(CELL PHONE RINGS, 3X)
SS: Duane, honey, is that you?
GK: Hi mom.
SS: Are you still in New York? Are you okay? I just called to see if you're okay.
GK: I'm fine.
SS: I just saw in the paper that a man killed a stranger on the street in New York in broad daylight. With a fork.
SS: Just waltzed right up behind him and plunged the fork into his back. Dead.
GK: I'm fine mom, okay?
SS: It wasn't the fork that killed him, honey. It was the bacteria on the fork. Because the killer did not floss. So many people in New York do not.
GK: Mom- can I call you back?
SS: They said the man's life could've been saved if somebody had squirted a little hand sanitizer on the wound. I hope you carry some of that with you. I've got some I could send you if you give me your address.
GK: Mom, I'm going to meet my editor in five minutes, okay? So can I call you back?
SS: I could make you a hat. With a mirror hanging off the brim. So you could see if someone is sneaking up on you.
GK: I really gotta go mom.
SS: And don't get too close to that platform edge. I know how you like to push the limits. Stand back at least ten feet. Please. And just focus, Duane. Focus.
GK: Okay. I'll be careful.
SS: All it takes is one moment of carelessness and you plunge onto the third rail and the smell of burning flesh fills the air. The smell of fried Duane.
GK: Well thanks for calling mom.
SS: Well hang on just a second honey, your dad wants to talk to you.
SS: It'll just take a second honey, now hang on there (OFF) Hank! Hank! (TR OFF) Talk to Duane now, he's on the phone and he wants to talk to you. (TR OFF) Well I'm sorry, they didn't have the kind with lotion in it. (ON) Here comes your father, just hang on Duane.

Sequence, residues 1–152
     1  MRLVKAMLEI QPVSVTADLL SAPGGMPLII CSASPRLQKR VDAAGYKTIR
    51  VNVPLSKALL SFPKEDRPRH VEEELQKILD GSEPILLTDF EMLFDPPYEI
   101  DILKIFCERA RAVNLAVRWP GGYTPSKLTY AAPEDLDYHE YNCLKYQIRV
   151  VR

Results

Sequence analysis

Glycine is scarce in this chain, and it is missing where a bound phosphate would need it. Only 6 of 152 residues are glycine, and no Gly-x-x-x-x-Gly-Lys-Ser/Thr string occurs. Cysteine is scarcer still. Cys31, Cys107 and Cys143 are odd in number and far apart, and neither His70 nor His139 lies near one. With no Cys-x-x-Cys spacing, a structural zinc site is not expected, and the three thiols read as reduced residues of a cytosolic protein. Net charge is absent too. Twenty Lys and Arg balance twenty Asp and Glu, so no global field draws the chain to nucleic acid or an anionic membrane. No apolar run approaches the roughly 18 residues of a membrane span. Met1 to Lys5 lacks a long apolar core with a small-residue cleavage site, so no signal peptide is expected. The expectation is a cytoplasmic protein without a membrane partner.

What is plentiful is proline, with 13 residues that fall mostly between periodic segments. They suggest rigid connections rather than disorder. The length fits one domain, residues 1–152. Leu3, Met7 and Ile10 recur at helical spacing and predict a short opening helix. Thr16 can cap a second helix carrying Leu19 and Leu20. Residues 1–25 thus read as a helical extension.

(FUMBLES WITH PHONE)
GK: Hi dad.
TR: Hi son.
GK: So you guys making plans for Christmas?
TR: Oh I don't know. That's your mother's department.
GK: Oh. Anything you'd like from New York?
TR: I don't think so.
TR: I'm giving your mother a police scanner.
GK: She'll like that.
TR: Should keep her busy anyway.
GK: So what would you like?
TR: I'm trying not to think about it too much.
GK: Probably a good idea.
TR: Well anyway nice talking to you.
GK: You too dad. Talk to you later.
SS: (OFF) I put a squirt of hand lotion on it, Hank, so just let it settle in for a second. (ON) Honey, are you still there? Duane?
GK: Mom, I gotta go.
SS: And I know that honey and I respect that and good luck with that editor. (CRACKS) Just all good things, honey.
GK: Mom. Don't do this, okay?
SS: Because your editor means so so much to you even though she puts you through the wringer, making you you rewrite and rewrite and start over and nothing is good enough for her, your golden editor goddess, and you, Duane ---- you follow her around like a dog, you sit when she says sit ---- you fetch, you lie down ----
SS: And here I am, your mother, the woman who washed your underwear by hand--
GK: I have to go to my appointment.
SS: No stain was too big for me, Duane. I never gave up on you. I never did.
GK: I'll call you later, okay? (BLEEP) Wait a minute. She's texting me. "I waited ten minutes but I guess you forgot. Call my secretary and let's reschedule for January." (A BEAT, GK SIGH)
SS: Now you're mad at me, aren't you. I can tell. You're furious. I made you miss your appointment with Princess Red Pen. Well, honey, how about I dip this fork in rat poison and stab myself in the chest with it? What if I do that and then you'll have something to put in your novel that might interest her? I've got the fork right here, Duane.
GK: Mom, please. Settle down. I'll be home in a few days. Let's have a nice Christmas.
SS: You'll be here for Christmas?
GK: Yes, of course I'll be there.
SS: I bought you some pajamas with cats on them. Cats' Pajamas. They're real cute.
GK: Sounds good, Mom. Talk to you soon.
SS: Okay honey, best of luck, love you—
GK: Love you mom.
Lovingly selected from the earliest archives of A Prairie Home Companion, this heirloom collection represents the music from earliest years of the now legendary show: 1974–1976. With songs and tunes from jazz pianist Butch Thompson, mandolin maestro Peter Ostroushko, Dakota Dave Hull and the first house band, The Powdermilk Biscuit Band (Adam Granger, Bob Douglas and Mary DuShane).